What to Know About Cardio for Men Over Fifty

Medically Reviewed by Melinda Ratini, MS, DO on February 29, 2024
4 min read

As you get older, you might be tempted to cut back on your exercise routine. But getting enough exercise is important no matter what your age is. Instead of slowing down after you turn 50, you should keep cardio exercise a part of your lifestyle. 

The Centers for Disease Control and Prevention (CDC) recommends that adults of any age get at least 150 minutes of moderate activity per week, which equals about 30 minutes a day, five days each week. Or you can decide on 75 minutes of vigorous activity each week, which is about 15 minutes a day, five days each week. 

Maximize your endurance. After the age of 30, your body begins to slowly decline in many ways. For example, your maximum attainable heart rate lowers by one beat per minute with each passing year. At the end of a decade, you’ve lost 5% to 10% of your capacity for blood flow. A healthy 25-year-old pumps 2.5 quarts of blood a minute, while a 65-year-old pumps around 1.5 quarts of blood a minute.

When you get cardio exercise regularly, you increase your body’s blood flow. When your body pumps more blood through your system, it increases oxygen throughout your body and improves brain and organ function. The benefits of cardio last long after your exercise is over. Increased oxygen levels relieve fatigue and breathlessness you might experience during everyday activities. 

Add years to your life. When you keep your body in healthy condition, you increase your chances of warding off major illnesses and living longer. With age, you naturally slow down and gain weight as your metabolism decreases. Regular cardio over the age of 50 helps to offset your slower metabolism by preventing weight gain. 

A study conducted by the University of Texas Southwestern Medical School reviewed the health of five men at the age of 20 and again at the age of 50. At 50 years old, their overall health had decreased significantly.  

After their second review at 50, each man committed to a six-month exercise program that gradually increased their activity levels. Each participant lost weight and lowered their blood pressure. At the end of the program, their heart’s ability to pump blood returned to the levels they experienced in their 20s.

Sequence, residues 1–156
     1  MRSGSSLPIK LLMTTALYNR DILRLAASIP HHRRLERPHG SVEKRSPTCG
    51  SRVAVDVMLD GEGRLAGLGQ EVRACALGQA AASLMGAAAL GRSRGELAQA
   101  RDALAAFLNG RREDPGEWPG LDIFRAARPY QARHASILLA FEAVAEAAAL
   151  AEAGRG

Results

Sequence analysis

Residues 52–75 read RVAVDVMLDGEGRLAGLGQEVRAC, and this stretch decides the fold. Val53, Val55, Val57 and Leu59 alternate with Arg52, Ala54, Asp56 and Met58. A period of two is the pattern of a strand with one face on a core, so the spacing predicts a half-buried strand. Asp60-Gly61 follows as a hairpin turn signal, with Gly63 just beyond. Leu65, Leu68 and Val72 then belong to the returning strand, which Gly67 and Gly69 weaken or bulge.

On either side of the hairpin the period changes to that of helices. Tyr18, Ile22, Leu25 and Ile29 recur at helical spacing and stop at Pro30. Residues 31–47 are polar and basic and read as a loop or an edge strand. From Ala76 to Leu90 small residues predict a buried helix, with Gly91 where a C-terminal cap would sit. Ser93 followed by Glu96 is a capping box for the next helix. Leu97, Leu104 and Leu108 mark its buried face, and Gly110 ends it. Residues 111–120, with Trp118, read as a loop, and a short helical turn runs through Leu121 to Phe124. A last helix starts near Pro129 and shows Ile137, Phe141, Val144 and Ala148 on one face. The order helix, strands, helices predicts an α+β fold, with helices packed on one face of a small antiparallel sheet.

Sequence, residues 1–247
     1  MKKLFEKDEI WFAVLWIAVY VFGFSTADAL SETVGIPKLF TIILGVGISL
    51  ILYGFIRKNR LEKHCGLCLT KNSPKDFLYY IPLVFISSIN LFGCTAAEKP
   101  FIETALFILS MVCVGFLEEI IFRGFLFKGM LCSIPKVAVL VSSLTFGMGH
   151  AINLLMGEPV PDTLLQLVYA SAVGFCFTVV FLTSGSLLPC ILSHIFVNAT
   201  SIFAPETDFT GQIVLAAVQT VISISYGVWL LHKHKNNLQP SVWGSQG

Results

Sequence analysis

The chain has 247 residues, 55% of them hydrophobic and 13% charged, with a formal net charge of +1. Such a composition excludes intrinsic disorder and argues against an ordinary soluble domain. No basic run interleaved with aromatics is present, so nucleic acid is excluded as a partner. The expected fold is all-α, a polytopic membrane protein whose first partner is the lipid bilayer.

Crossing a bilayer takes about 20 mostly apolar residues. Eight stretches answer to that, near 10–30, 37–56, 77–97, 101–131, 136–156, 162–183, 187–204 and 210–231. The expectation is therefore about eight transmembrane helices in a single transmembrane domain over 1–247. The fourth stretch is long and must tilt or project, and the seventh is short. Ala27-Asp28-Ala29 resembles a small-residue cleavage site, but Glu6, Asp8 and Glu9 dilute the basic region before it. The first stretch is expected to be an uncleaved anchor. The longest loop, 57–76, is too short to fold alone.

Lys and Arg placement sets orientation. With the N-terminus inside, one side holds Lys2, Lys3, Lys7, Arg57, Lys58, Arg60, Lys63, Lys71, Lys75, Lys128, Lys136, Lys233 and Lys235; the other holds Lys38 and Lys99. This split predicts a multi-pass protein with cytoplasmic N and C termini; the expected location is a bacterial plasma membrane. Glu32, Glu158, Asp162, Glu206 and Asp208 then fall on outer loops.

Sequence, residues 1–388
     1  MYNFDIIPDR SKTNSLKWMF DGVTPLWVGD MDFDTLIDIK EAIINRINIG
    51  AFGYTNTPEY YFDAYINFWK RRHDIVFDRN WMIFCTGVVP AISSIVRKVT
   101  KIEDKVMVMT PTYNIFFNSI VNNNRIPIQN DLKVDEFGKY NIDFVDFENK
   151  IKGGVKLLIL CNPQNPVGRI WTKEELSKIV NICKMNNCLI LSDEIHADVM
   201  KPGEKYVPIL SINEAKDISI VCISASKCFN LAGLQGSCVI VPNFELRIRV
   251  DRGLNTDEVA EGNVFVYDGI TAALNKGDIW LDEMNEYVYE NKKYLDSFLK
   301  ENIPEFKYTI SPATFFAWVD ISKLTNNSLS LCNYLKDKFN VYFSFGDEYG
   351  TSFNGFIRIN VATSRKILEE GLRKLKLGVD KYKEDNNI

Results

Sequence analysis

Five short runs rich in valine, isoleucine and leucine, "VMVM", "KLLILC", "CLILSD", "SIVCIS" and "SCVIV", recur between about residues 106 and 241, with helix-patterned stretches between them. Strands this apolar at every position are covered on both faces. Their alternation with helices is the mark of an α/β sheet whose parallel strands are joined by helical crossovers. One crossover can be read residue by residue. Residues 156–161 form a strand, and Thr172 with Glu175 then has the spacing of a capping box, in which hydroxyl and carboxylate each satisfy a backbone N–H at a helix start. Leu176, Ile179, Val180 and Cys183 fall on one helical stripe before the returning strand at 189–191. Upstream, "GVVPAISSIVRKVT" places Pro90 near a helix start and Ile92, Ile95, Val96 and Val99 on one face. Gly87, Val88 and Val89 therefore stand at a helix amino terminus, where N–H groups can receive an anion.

Other benefits of healthy amounts of cardio exercise include:

  • More restful sleep
  • Better mobility
  • Added flexibility
  • Improved brain function
  • Less stiffness
  • Overall improvement in your quality of life

Injury. No matter what your activity levels were in the past, injuries happen more easily with age. Always talk to your doctor before beginning a new exercise routine. Check with your doctor if you have any of the following symptoms during or after moderate activity:

  • Feeling dizzy or lightheaded 
  • Shortness of breath
  • Pain or pressure in your chest
  • Blood clots
  • Any type of infection
  • Sores that aren’t healing
  • Swelling in your joints
  • Recent surgery
  • Hernia

Taking breaks might mean starting over. You lose your endurance more quickly as you age. If you take more than two weeks off from your exercise routine, start back slowly. You may not be able to jump back in where you left off.

Your activity levels. Don’t overdo it. If you’re already very active, you probably know your limitations. But if you’re just getting started or haven’t exercised in a while, start slow. Start with low-intensity cardio and build up over time as you gain endurance and strength. Remember that it's always a good idea to talk to your doctor before starting a new activity.

Choose an activity. Your cardio workout after 50 doesn’t have to be boring. Mix it up and try something new each week or month. When you can’t fit in your usual exercise routine, go for a walk around your neighborhood. Other ideas for cardio workouts include: 

  • Go for a walk or hike
  • Certain yoga activities
  • Yard work like raking, weeding, or pushing a lawnmower
  • Ride a bicycle (stationary or outdoors)
  • Swimming and other forms of water exercise

When all else fails, fit exercise activities into your everyday life by: 

  • Parking in the back of the parking lot when you go shopping
  • Taking the stairs instead of the elevator or escalator
  • Standing instead of sitting when possible

Remember strength training. The CDC also recommends 2 days of strength training each week, but you don’t need a gym membership to keep your muscles strong. Here are some ideas for strength exercises:

  • Lifting weights
  • Exercising using resistance bands
  • Using your body weight for sit-ups, push-ups, squats, and lunges
  • Gardening activities, including shoveling and digging
  • Some yoga practices

Take time off when you need it. Rest is just as important as cardio and strength training. If you overdo it one day, take a break. When life gets busy, and you don’t work out for a short time, it’s OK.